In the life of a very young, very small institution, as OSU-Cascades is, $2 million can make one heck of a difference. Thus the gift by Carmen and Mike Cutting, bequeathed to the school as part of the couple’s estate planning, is likely to have far more impact than a similar gift to, say, an established institution.
The $2 million is, in fact, the largest gift in the 11-year history of the branch campus.
The Cuttings, both of whom are native Oregonians, have long known they would leave money to Oregon State University, their alma mater. Mike Cutting says they also knew they would split their gift between academics and athletics.
It wasn’t until the last year or year and a half, however, that they began to focus on OSU-Cascades for the academic piece of their plan. Watching the branch campus develop and getting to know Becky Johnson, the university’s vice president who oversees the branch, the couple decided to put their money here rather than at the larger university. It was a chance, Mike Cutting says, to have a real impact both on the school and on the community it serves.
That it will.
Moreover, because the Cuttings left decision-making about how the endowment will be spent to the campus vice president, the money will go where those who know the branch best think it will do the most good.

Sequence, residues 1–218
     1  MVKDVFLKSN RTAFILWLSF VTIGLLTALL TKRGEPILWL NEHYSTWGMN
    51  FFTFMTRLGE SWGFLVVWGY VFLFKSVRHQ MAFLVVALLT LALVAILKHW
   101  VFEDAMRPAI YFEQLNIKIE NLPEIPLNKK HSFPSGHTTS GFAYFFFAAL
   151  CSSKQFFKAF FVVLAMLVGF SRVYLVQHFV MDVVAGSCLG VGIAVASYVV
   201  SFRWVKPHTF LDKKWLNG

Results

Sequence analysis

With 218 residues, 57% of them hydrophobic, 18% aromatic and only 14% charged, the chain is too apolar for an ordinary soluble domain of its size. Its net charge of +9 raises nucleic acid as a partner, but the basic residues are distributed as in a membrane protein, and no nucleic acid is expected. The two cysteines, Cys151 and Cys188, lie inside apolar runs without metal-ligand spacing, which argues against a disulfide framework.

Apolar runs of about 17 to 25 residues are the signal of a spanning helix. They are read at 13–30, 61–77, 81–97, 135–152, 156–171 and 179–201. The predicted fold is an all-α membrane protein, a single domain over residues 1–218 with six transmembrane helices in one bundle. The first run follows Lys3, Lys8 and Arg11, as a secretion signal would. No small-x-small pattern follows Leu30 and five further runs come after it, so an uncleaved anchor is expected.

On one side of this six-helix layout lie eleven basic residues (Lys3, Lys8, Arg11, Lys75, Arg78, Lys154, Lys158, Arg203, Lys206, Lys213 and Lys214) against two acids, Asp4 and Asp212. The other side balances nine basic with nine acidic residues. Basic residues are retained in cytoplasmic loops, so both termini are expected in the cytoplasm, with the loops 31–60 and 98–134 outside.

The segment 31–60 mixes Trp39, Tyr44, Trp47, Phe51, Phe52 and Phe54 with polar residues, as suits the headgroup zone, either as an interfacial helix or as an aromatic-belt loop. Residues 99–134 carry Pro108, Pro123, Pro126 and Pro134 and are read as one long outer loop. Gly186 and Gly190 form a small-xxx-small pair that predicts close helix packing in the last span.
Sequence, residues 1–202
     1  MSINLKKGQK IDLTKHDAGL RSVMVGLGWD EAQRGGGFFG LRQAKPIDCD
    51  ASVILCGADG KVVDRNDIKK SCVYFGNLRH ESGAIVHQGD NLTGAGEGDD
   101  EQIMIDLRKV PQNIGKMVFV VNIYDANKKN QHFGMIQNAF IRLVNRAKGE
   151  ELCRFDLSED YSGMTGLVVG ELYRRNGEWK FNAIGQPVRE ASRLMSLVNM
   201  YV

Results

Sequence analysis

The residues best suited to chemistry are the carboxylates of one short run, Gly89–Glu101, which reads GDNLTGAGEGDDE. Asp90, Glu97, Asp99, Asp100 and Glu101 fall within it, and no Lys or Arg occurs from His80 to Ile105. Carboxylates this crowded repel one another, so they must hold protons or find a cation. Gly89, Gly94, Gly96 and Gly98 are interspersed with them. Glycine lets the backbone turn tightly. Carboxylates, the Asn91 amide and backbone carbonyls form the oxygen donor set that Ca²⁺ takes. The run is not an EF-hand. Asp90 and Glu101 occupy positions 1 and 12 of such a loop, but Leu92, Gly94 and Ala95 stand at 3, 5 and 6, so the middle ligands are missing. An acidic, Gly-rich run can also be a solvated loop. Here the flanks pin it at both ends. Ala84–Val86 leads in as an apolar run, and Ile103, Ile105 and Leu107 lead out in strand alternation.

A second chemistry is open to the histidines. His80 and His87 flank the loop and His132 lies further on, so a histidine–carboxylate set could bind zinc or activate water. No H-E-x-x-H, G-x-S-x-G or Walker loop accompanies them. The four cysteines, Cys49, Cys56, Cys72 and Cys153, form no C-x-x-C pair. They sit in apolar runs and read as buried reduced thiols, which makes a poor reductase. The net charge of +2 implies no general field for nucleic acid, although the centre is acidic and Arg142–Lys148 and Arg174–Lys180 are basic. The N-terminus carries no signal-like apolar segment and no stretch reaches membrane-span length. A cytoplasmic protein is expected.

That kind of freedom isn’t unheard of in the world of charitable giving, of course, but neither is it the norm. Often gifts come with strings that direct spending to a pet program or some other element that has caught the donor’s attention. The Cuttings’ decision says plenty about their trust in the ability of those who run the campus to decide what is best for it.
OSU-Cascades has had its share of good fortune in recent months. Its campaign to raise an initial $4 million to help expand the 2-year branch into a full-fledged 4-year school is going well and is about 3⁄4 of the way to its goal. State support for the expansion was included in the governor’s budget for the coming biennium.
And now a very generous couple has promised the school money to spend on its core mission, educating the men and women of Central Oregon. Good fortune continues.